Oxides and Carbon Emissions

Posted on November 11, 2021

In a full frontal assault on atmospheric carbon, it is important to develop all the potential weapons in the arsenal.

In the concrete industry, carbonation is a key ally in the quest. CO2 in the concrete pore fluid reacts with calcium hydroxide and calcium silicate hydrate to form calcite (CaCO3). The process strengthens the concrete while absorbing atmospheric CO2. Carbonation is an ongoing process in exposed concrete. Over time, it pulls a significant amount of CO2 from the air.

However, given the current pace of climate warming, it is not possible to wait decades for carbonation. Nor is it adequate to fully offset the industry’s emissions. Carbonation is still an important carbon reduction strategy, however. To maximize carbonation, concrete should remain exposed whenever possible.

Titanium dioxide (TiO2) and magnesium oxide (MgO) are also helpful in the effort. Both make cement more eco-friendly, although in different ways. Let’s take a closer look at each.

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Titanium Dioxide: Advantages

Titanium is the ninth most common element in the Earth's crust. It naturally reacts with oxygen to form titanium oxides found in ores, sands and soils. Pure titanium dioxide is a fine, white powder that’s been widely used for more than a century. It is a pigment in paint, printing inks and ceramics. In sunscreen, titanium dioxide (TiO2) filters the sun’s UV rays. It is even used as a color additive in toothpaste.

Absorption of pollutants

Purdue University researchers looked at adding nanoscale titanium dioxide to concrete mixes. Even small quantities almost doubled concrete’s absorption of greenhouse gases. Check out the details of the study in the journal Construction and Building Materials. This YouTube video is another resource. Fortunately, the addition of TiO2 does not compromise compliance with building codes.

Increased reflectance

TiO2 also increases the reflectance of a wide range of building materials. Commercial roofing and white concrete are two examples. TiO3 reduces heat absorption which may reduce cooling costs. It is also a valuable tool in the hands of creative designers and architects.

Chula Vista, CA, commissioned its Cool Pavements Study to evaluate the impact of white concrete. It notes that fresh gray Portland cement has an albedo of 0.35. White concrete has an albedo of 0.80. Both are far better than fresh asphalt’s albedo of 0.05. Although TiO2 concrete’s edge lessens over time, it's self-cleaning properties do help.


Akira Fujishima discovered the photocatalytic properties of TiO2 in the late 1960s. A photocatalyst uses solar radiation to accelerate a chemical reaction without being consumed. Titanium dioxide concrete oxidizes pollutants like nitrogen oxide and sulfur oxide. It neutralizes or breaks down some of the substances that darken concrete over time. As a result, TiO2 concrete retains its superior reflectance over time.

The photocatalytic effect also breaks down volatile organic compounds (VOCs). Researchers at the University of Pittsburgh looked at TiO2s unique ability to deal with VOCs. They found that TiO2 concrete removes 60 mg of VOCs per square meter of exposed concrete surface per day. It also removes other pollutants, including soot, particulates, mold, algae, bacteria and allergens.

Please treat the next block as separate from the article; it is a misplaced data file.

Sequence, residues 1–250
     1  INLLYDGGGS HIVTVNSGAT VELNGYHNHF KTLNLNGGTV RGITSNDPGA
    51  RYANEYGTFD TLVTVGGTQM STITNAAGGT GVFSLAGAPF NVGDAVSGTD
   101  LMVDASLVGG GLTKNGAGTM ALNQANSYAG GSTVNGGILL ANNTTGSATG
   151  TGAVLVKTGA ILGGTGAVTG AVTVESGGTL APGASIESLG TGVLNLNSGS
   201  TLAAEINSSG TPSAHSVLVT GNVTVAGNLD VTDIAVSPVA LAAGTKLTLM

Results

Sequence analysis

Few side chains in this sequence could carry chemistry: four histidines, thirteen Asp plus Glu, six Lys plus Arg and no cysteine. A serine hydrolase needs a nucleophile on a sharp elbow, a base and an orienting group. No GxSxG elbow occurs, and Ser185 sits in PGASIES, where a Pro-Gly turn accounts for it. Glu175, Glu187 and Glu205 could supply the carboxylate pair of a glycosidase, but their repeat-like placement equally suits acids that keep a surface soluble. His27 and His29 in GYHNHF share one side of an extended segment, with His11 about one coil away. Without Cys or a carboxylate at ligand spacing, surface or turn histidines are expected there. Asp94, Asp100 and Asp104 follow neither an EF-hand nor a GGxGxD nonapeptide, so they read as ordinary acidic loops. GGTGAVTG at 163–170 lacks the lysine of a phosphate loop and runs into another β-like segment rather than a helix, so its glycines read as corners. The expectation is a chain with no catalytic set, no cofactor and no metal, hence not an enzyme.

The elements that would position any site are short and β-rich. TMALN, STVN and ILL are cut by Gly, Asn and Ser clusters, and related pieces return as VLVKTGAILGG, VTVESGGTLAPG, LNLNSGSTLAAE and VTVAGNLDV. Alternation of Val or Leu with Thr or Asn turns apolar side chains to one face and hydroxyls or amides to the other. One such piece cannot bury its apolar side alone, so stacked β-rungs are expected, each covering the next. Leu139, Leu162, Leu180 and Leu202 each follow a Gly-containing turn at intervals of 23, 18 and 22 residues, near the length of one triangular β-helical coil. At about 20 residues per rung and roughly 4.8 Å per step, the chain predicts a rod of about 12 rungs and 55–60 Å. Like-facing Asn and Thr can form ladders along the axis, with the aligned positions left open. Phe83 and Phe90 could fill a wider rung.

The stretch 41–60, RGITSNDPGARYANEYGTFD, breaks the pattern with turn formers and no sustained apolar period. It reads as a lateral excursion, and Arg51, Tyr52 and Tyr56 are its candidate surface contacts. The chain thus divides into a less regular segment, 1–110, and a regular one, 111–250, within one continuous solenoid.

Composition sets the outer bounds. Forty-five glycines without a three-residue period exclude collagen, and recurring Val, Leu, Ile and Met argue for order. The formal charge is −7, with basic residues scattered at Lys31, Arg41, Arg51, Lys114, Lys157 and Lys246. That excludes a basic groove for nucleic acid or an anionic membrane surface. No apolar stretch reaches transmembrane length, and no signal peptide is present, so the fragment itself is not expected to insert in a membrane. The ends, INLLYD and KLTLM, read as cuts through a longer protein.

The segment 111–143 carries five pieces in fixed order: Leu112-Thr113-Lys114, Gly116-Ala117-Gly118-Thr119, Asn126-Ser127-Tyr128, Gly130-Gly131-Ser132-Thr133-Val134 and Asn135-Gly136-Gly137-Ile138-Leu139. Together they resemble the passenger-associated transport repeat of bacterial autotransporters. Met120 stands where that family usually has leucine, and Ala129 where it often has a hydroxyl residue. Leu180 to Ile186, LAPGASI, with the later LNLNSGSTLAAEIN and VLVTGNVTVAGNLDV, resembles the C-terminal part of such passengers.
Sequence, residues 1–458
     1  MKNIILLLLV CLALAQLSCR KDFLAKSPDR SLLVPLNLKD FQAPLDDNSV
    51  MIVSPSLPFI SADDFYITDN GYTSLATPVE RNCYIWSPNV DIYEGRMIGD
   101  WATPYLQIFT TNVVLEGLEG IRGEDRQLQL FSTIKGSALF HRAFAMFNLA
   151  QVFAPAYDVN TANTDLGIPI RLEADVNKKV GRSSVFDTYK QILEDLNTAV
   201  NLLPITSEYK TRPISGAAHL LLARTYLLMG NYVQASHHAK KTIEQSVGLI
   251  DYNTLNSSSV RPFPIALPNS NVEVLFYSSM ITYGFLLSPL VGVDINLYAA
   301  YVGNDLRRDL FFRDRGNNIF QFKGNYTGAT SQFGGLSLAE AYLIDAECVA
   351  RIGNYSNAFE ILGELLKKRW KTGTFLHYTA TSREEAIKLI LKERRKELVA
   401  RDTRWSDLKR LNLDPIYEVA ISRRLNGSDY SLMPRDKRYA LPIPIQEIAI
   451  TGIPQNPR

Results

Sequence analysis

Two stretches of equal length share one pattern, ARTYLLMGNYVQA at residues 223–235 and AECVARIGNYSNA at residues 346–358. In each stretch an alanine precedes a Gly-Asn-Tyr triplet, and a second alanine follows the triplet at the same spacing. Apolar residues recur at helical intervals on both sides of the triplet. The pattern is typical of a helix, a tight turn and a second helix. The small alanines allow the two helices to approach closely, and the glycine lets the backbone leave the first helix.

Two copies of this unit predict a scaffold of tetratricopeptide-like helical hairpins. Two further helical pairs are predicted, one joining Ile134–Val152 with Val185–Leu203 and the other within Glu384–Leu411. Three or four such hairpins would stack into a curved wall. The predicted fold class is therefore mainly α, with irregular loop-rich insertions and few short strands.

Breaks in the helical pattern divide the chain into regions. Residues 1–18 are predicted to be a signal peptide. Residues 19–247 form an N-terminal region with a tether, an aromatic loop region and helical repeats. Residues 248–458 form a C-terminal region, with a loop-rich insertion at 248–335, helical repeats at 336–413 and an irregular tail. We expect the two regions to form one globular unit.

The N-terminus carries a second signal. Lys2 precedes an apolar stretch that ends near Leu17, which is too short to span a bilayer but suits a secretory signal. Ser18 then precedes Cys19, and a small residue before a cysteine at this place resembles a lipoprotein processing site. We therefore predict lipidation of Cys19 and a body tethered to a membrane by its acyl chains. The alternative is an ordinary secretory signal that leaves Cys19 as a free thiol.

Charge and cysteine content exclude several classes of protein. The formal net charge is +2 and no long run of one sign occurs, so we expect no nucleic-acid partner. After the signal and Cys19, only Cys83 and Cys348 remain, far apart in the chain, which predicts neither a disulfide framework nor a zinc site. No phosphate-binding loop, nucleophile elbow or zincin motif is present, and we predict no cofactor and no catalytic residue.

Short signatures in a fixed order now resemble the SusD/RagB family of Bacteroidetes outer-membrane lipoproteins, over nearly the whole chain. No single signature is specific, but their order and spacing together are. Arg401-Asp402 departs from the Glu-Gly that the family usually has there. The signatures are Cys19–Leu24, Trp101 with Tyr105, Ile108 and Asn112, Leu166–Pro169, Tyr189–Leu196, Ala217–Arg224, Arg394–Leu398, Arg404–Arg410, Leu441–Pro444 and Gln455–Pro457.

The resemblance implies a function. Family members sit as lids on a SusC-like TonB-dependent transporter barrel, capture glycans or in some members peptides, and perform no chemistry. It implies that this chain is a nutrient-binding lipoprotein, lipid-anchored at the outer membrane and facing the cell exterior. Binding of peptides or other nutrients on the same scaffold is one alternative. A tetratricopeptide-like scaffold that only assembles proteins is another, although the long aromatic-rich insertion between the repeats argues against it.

Barriers to adoption

Sulfate attack occurs when sulfate ions react with calcium hydroxide and calcium aluminate. Gypsum and ettringite form in the concrete. The chemical process may cause concrete to crack, lose strength or even disintegrate. In a 2018 study, researchers concluded that “TiO2 has robust effects on the rate of sulfate attack on OPC.” The study found that TiO2 reduces the size of coarse pores. This increases crystallization pressures as ettringite and gypsum form. The use of slag-blended mixes can counter this effect.

Magnesium Oxide: Advantages

Magnesium oxide is yet another entry in the quest to reduce the clinker required to produce Portland cement. Producers make MgO cement using either magnesium carbonates or magnesium silicates. Its impact on the concrete industry is very different from that of titanium dioxide. Magnesium oxide may become a key ingredient in a “green” concrete that is white in reality. Smithsonian explores the idea in depth.

Authors of one study see MgO cement as “an environmentally friendly, sustainable, and efficient new material.” MgO concrete doesn’t require the same high temperatures to produce. This reduces energy consumption and emissions. The relatively rapid hydration of active magnesium oxide is another plus. Magnesium hydroxide reacts with carbon dioxide to form magnesium carbonates that increase strength. In certain applications, this may reduce or even eliminate the need for reinforcement.

MgO-based additives also perform well as expansion agents. These agents compensate for early-stage concrete shrinkage. They can out-perform traditional ettringite additives in limiting late age thermal shrinkage.

Barriers to adoption

There are challenges that limit the adoption of MgO cement. In a new study, researchers sound a cautionary note. They say that “care should be taken before MgO-based cements (are) heralded as environmental saviors for the construction industry.” More research is needed before magnesium-based cements become alternative binding sources at scale.

At present, MgO cement is more expensive than ordinary Portland cement (OPC). This is due to the “relatively high cost of reactive sources.” Costs do vary by region, however. Finally, internal pH prevents its use in regular steel-reinforced concrete. Non-steel reinforcements may be an alternative.

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